Toronto, Ontario – In this week’s electric and autonomous vehicle report, Honda made a deal with GM to use Ultium battery technology on upcoming EVs, a Toyota subsidiary has found a cheaper option for AV data collection and the “Centre of Excellence” technology lab is turning out to be a hub of innovation.
In an interesting development for OEM relations, Honda announced that it has partnered up with General Motors to utilize the Detroit automaker’s Ultium battery technology in upcoming Honda EVs.
With initial rollout projected to begin in 2027, Honda expects this partnership to help standardize EV production equipment and practices, in turn driving down the overall cost of electrification.
“Honda is committed to reaching our goal of carbon neutrality on a global basis by 2050, which requires driving down the cost of electric vehicles to make EV ownership possible for the greatest number of customers,” said Honda president and CEO Toshihiro Mibe.
“Honda and GM will build on our successful technology collaboration to help achieve a dramatic expansion in the sales of electric vehicles.”
Snapping up the Savings
Toyota subsidiary and autonomous systems developer, Woven Planet, told Reuters it is following Tesla’s lead and scaling back the use of LiDAR in favour of cheaper, but equally effective cameras for the purposes of vehicle data collection.
Collecting wide samples of vehicle data can be expensive when using LiDAR technology, however, Woven Planet pointed out that lower-cost cameras can be used to do the job on a larger fleet of vehicles.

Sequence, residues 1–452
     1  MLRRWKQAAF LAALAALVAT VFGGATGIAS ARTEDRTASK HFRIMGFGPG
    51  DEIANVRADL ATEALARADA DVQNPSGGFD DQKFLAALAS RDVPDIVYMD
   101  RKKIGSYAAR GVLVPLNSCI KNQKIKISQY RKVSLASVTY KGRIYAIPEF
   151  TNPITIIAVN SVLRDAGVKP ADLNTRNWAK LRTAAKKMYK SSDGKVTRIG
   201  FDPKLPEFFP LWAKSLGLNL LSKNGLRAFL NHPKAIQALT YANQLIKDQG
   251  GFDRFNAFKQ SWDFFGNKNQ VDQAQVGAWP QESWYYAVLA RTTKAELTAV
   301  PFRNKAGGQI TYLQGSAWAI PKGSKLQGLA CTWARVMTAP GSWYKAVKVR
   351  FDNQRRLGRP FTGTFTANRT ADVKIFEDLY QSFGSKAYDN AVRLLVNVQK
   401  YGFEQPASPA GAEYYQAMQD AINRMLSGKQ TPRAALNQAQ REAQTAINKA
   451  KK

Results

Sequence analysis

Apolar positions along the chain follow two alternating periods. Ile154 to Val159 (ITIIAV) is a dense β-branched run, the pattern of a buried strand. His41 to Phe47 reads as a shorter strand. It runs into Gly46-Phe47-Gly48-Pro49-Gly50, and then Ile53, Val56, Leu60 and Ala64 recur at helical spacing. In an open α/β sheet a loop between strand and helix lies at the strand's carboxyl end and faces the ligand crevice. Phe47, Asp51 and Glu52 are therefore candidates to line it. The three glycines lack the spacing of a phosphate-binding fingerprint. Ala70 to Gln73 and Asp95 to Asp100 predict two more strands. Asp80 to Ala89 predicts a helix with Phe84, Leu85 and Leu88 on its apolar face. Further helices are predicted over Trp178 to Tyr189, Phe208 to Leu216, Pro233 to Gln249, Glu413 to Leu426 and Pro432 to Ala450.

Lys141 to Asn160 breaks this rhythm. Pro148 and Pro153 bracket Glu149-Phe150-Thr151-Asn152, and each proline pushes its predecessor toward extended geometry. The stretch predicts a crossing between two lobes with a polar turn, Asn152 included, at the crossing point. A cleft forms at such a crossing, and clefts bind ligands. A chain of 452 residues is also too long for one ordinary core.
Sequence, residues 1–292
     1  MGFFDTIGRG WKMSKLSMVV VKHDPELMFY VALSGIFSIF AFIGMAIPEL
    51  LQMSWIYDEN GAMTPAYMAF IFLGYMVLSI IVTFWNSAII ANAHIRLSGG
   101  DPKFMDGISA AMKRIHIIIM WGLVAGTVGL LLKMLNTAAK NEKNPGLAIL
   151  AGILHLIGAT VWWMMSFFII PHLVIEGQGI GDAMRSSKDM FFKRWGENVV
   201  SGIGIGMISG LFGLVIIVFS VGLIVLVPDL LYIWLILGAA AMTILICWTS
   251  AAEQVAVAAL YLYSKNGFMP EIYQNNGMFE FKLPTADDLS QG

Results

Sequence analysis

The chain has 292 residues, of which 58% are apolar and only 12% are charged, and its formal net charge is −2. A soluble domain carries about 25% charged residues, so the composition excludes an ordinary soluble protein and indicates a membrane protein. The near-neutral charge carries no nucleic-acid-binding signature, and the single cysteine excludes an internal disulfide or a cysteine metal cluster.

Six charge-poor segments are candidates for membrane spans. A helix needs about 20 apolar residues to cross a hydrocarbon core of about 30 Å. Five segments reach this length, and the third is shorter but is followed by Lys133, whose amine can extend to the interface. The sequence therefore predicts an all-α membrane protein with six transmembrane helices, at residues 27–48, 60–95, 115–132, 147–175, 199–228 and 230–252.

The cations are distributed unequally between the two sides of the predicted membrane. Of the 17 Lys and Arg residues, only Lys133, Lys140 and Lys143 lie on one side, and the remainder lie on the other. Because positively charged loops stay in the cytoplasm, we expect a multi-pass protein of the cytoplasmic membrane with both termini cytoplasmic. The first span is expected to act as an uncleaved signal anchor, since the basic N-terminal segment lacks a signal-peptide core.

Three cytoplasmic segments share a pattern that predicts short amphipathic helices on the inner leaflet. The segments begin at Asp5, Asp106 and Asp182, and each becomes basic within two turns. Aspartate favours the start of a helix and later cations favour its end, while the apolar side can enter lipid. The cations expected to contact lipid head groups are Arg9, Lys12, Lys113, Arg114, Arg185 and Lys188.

“We need a lot of data. And it’s not sufficient to just have a small amount of data that can be collected from a small fleet of very expensive autonomous vehicles,” Woven Planet’s v-p of engineering, Michael Benisch.
Woven Planet’s cameras are 90 percent cheaper than the sensors they were using previously.
The engineers at the “Centre of Excellence,” a technology lab jointly run by Electrify Canada and Electrify America, have been hard at work over the past months sorting out solutions to the most common problems affecting EVs today.
The team based in Reston, VA had been working to address the issue of heating and fire risks associated with the EV charging process, which resulted in the development of liquid-cooled charging cables that come without a significant increase in thickness for charging power at and above 150kW and up to 500 amps.
The centre was also instrumental in developing Plug&Charge Technology, a payment method that allows customers with capable vehicles and a payment method set up with their vehicle manufacturer to plug in and pay without opening an app or wallet.
Since beginning operations in 2017, engineers and technicians at the Centre of Excellence have conducted more than 8,000 hours of interoperability tests on production and prototype EVs from nearly all vehicle manufacturers.